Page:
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Nocebo-Induced Hyperalgesia During Local Anesthetic Injection

Varelmann, Dirk MD, DESA*; Pancaro, Carlo MD†; Cappiello, Eric C. MD*; Camann, William R. MD*

doi: 10.1213/ANE.0b013e3181cc5727
Obstetric Anesthesiology: Brief Report

Common practice during local anesthetic injection is to warn the patient using words such as: “You will feel a big bee sting; this is the worst part.” Our hypothesis was that using gentler words for administration of the local anesthetic improves pain perception and patient comfort. One hundred forty healthy women at term gestation requesting neuraxial analgesia were randomized to either a “placebo” (“We are going to give you a local anesthetic that will numb the area and you will be comfortable during the procedure”) or “nocebo” (“You are going to feel a big bee sting; this is the worst part of the procedure”) group. Pain was assessed immediately after the local anesthetic skin injection using verbal analog scale scores of 0 to 10. Median verbal analog scale pain scores were lower when reassuring words were used compared with the harsher nocebo words (3 [2–4] vs 5 [3–6]; P < 0.001). Our data suggest that using gentler, more reassuring words improves the subjective experience during invasive procedures.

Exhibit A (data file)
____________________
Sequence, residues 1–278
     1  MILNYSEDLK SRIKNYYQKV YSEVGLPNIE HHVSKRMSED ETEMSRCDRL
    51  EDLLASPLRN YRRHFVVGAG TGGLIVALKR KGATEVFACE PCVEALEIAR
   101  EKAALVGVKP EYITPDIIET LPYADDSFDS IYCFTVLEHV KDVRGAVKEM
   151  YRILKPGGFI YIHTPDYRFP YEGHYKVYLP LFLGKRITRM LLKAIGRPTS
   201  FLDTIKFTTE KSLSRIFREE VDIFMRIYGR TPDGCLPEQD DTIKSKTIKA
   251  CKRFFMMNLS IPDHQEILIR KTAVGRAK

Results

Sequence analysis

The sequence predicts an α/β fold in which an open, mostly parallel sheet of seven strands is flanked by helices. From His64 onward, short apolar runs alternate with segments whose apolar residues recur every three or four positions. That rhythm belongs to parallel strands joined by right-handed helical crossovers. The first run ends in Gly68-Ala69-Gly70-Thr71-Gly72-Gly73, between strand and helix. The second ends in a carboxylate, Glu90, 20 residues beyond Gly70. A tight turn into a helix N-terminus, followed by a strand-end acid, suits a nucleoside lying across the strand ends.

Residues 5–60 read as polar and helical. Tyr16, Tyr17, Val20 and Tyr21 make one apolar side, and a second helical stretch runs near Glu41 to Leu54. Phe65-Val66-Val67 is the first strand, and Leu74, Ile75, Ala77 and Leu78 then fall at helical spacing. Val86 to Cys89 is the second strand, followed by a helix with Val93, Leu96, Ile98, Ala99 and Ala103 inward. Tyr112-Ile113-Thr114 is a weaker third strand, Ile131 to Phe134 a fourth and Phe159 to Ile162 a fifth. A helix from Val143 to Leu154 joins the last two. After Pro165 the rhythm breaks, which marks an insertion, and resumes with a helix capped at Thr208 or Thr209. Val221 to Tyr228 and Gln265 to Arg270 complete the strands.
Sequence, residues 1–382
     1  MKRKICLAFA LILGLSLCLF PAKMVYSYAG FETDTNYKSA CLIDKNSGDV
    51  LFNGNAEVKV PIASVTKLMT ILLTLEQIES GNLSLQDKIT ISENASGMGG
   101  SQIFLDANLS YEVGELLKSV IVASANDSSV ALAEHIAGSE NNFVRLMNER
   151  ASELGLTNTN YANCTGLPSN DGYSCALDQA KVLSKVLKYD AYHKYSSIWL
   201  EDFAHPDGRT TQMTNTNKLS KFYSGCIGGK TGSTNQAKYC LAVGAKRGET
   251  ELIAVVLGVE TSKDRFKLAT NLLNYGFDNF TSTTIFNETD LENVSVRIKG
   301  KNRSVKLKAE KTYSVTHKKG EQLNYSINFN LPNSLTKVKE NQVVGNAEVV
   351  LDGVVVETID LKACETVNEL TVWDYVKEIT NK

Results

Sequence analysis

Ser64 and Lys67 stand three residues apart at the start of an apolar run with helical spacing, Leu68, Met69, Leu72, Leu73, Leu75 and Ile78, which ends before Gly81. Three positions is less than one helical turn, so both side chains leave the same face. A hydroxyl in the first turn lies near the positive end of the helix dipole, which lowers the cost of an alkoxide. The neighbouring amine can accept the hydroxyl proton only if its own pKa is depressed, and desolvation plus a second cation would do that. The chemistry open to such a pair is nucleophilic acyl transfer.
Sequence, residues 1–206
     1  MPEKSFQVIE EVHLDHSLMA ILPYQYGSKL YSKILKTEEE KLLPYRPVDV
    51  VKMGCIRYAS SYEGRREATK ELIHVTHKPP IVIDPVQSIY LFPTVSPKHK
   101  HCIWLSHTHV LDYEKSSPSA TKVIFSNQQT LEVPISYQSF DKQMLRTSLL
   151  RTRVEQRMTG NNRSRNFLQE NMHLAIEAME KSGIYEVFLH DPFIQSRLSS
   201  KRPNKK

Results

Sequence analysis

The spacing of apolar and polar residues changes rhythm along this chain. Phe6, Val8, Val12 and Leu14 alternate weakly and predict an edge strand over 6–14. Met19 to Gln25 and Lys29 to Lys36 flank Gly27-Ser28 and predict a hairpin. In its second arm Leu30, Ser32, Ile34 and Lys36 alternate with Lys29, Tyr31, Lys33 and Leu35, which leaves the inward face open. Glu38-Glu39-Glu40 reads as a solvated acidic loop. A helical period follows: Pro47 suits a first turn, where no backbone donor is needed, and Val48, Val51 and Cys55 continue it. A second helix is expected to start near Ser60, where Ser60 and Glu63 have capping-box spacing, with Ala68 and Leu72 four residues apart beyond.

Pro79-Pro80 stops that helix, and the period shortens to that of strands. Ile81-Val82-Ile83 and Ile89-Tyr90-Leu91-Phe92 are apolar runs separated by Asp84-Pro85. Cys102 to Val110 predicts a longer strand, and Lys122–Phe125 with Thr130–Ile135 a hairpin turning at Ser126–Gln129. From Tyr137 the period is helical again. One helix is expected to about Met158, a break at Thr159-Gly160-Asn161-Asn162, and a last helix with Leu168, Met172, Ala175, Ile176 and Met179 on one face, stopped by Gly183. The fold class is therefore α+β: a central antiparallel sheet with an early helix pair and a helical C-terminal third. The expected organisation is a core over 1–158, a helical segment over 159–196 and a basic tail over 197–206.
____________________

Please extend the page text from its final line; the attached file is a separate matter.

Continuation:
Published ahead of print December 30, 2009

From the *Department of Anesthesiology, Perioperative and Pain Medicine, Brigham and Women's Hospital; and †Department of Anesthesiology, Tufts Medical Center, Boston, Massachusetts.

Accepted for publication November 15, 2009.

Published ahead of print December 30, 2009

Supported by departmental funding.

Address correspondence and reprint requests to William R. Camann, MD, Brigham and Women's Hospital, Harvard Medical School, 75 Francis St., Boston, MA 02115. Address e-mail to

© 2010 International Anesthesia Research Society
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